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Permanent URL to this publication: http://dx.doi.org/10.5167/uzh-9133

Wolf, P; Stacoff, A; Liu, A; Nester, C; Arndt, A; Lundberg, A; Stuessi, E (2008). Functional units of the human foot. Gait & Posture, 28(3):434-441.

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Abstract

Functional units in the human foot provide a meaningful basis for subdivisions of the entire foot during gait analysis as well as justified simplifications of foot models. The present study aimed to identify such functional units during walking and slow running. An invasive method based upon reflective marker arrays mounted on intracortical pins was used to register motion of seven foot bones. Six healthy subjects were assessed during walking and four of them during slow running. Angle-angle diagrams of corresponding planar bone rotations were plotted against each other and used to establish functional units. Individual functional units were accepted when the joints rotated temporally in phase and either (i) in the same direction, (ii) in the opposite direction, or (iii) when one of the two joints showed no rotation. A functional unit was generalized if all available angle-angle diagrams showed a consistent pattern. A medial array from the navicular to the first metatarsal was found to perform as a functional unit with parts rotating in the same direction and larger rotations occurring proximally. A rigid functional unit comprised the navicular and cuboid. No other functional units were identified. It was concluded that the talus, navicular, and medial cuneiform should neither be regarded as one rigid unit nor as one segment during gait analysis. The first and fifth metatarsals should also be considered separately. It was further concluded that a marker setup for gait analysis should consist of the following four segments: calcaneus, navicular-cuboid, medial cuneiform-first metatarsal, fifth metatarsal.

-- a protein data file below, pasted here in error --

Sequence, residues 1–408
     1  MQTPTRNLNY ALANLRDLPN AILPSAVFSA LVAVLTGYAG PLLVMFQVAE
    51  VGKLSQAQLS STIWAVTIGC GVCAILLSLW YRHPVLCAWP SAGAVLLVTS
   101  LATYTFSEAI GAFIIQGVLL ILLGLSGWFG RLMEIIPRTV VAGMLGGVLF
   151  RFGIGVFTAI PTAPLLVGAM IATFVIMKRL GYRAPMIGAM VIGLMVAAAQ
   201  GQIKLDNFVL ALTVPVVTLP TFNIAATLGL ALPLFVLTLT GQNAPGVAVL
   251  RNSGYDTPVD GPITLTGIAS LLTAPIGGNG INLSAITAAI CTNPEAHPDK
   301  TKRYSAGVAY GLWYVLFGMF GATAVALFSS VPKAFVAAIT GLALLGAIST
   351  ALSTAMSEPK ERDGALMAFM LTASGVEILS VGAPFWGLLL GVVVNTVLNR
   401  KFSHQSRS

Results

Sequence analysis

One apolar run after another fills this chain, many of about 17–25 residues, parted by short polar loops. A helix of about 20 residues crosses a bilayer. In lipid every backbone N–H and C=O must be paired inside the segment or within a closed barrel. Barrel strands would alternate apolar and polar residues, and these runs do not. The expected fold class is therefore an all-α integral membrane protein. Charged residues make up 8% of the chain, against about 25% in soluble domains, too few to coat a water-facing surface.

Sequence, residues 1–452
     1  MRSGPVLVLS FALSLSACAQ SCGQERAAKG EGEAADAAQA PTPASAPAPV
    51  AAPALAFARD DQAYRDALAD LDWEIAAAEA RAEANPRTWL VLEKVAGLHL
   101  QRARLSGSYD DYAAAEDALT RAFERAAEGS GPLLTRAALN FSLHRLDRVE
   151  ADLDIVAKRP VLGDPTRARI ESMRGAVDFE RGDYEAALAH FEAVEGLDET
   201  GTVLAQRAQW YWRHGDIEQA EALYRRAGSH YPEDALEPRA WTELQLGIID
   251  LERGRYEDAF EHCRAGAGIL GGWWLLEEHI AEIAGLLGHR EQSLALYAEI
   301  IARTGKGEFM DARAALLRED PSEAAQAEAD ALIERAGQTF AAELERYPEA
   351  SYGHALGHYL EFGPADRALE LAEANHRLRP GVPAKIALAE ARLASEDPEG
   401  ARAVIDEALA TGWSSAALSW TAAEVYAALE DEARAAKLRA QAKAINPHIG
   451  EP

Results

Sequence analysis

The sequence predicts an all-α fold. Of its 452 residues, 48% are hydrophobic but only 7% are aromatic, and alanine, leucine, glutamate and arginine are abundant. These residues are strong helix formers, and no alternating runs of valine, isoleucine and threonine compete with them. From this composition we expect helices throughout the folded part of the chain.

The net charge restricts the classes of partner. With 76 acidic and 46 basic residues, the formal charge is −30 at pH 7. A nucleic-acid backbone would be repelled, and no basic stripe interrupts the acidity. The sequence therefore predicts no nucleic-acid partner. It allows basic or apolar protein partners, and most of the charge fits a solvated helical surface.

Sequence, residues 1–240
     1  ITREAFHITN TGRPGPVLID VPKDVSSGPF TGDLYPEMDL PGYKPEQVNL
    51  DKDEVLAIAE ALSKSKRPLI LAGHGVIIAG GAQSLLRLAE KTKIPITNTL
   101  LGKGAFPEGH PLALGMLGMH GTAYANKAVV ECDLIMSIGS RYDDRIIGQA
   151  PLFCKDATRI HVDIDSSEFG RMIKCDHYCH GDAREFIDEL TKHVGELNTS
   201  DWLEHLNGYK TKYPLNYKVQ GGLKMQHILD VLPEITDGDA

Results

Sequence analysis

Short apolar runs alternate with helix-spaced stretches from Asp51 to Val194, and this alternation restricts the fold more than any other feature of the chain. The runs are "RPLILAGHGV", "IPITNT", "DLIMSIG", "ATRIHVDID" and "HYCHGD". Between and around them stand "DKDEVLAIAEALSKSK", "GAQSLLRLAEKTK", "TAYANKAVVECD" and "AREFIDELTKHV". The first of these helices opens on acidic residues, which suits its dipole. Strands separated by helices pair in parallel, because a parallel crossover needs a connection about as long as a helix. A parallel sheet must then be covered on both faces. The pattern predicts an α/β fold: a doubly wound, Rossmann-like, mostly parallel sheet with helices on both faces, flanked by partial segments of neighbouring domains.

Item Type:Journal Article, refereed, original work
Communities & Collections:04 Faculty of Medicine > Balgrist University Hospital, Swiss Spinal Cord Injury Center
DDC:610 Medicine & health
Language:English
Date:2008
Deposited On:30 Dec 2008 08:50
Last Modified:27 Nov 2013 16:21
Publisher:Elsevier
ISSN:0966-6362
Publisher DOI:10.1016/j.gaitpost.2008.02.004
PubMed ID:18378454
Citations:Web of Science®. Times Cited: 20
Google Scholar™
Scopus®. Citation Count: 21

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